Schmidt lifted a 3-and-2 Sambito pitch to left field for the second out. Then Greg Luzinski, benched because of speed and defensive liabilities after hitting a two-run homer in the Phillies' 3-1 opening victory, bounced a pinch-double off the left field wall.
Rose, running on contact, sped around second base as his cap went flying. He never missed a stride at third, turning for home as Landestoy, taking the throw from left fielder Jose Cruz, fired toward the plate.
Rose was highballing as he approached the plate, where Bochy tried to short-hop the ball. Rose charged into the catcher, a forearm to Bochy's face, and the ball trickled free as Rose stepped on the plate.
Trillo's double plated the final run of the game and the Astros succumbed to Warren Brusstar in one-two-three order in the last half of the inning.
When it was suggested that Bochy's inexperience (22 games, two starts in 1980) had been responsible for permitting Rose to score, Pete leaped to the catcher's defense.
"I had an advantage over him," Pete pointed out. "He couldn't brace for the throw. I had to charge into him. It was the only way I could reach the plate.
Bochy was in the game only because Alan Ashby suffered a rib separation in the Western Division playoff with Los Angeles and Luis Pujols was incapacitated by a nick on the ankle when struck by an eighth-inning foul tip.
"I couldn't move out to catch the throw on the fly," Bochy noted. "I have to guard the plate even if I must short-hop the ball. Otherwise Rose slides around me. I made the play the only way I could and didn't get him."
Rose lavished praise on third base coach Lee Elia. "He saw the relay coming up short in the outfield and he gave me the green light," Pete revealed. "If he hadn't sent me on, I'd have held up. He showed a lot of courage in making the decision."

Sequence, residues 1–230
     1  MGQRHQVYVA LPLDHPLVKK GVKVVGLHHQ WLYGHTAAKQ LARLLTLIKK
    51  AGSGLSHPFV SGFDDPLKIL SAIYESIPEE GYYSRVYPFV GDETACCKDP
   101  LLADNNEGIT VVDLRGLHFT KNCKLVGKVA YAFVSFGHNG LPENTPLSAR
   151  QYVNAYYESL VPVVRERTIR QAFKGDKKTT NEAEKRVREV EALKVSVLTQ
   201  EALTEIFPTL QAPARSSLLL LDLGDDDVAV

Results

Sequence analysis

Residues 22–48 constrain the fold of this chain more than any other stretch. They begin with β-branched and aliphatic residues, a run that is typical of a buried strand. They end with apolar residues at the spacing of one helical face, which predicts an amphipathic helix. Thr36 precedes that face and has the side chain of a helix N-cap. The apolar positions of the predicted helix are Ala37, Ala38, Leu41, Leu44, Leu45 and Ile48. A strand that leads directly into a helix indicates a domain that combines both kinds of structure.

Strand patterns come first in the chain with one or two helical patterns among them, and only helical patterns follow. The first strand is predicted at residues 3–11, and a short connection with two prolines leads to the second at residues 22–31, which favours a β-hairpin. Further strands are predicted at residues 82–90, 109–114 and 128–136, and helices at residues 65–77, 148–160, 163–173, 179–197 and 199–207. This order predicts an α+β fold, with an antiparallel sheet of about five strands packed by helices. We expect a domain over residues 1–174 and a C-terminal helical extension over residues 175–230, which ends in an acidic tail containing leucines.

The situation was totally unlike the one that prevailed three days earlier when Elia's failure to wave McBride plateward touched off criticism in the Phillies' 10-inning, 7-4 loss in the second game.
The Phils were on the threshold of a second consecutive victory after Steve Carlton and Tug McGraw had collaborated in the opener. The score was tied, 3-3, at Veteran's Stadium. McBride was on second and Schmidt on first in the last of the ninth when Lonnie Smith flied to right. McBride, confident the ball would fall safely, ran halfway toward third base, then hesitated when Elia held up his hands.
Suddenly Elia started waving furiously, but McBride had come to a near-halt and was unable to turn on the generators on such short notice. The bases were loaded with one out, but they were all stranded on the Phils' way to a game total of 14 left on base.
"I messed it up," Elia admitted. "I should have taken a chance and sent him in. I held him up, and when I tried to get him going again, it was too late. Throwing up my hands was a reflex action."
Rose insisted that Elia assumed the blame unjustly. "There was only one out at the time and all we needed was a fly ball, which we didn't get," he pointed out.
Frank LaCorte escaped the bases-loaded jam by fanning Trillo and retiring Maddox on a foul pop. The Astros salted the game away with four runs in the 10th.
Even with a four-run cushion, LaCorte needed help in the last half as the Phils scored a run. Two runners were on base when Joaquin Andujar, after running the count to 3-and-0, retired Schmidt on a fly to right.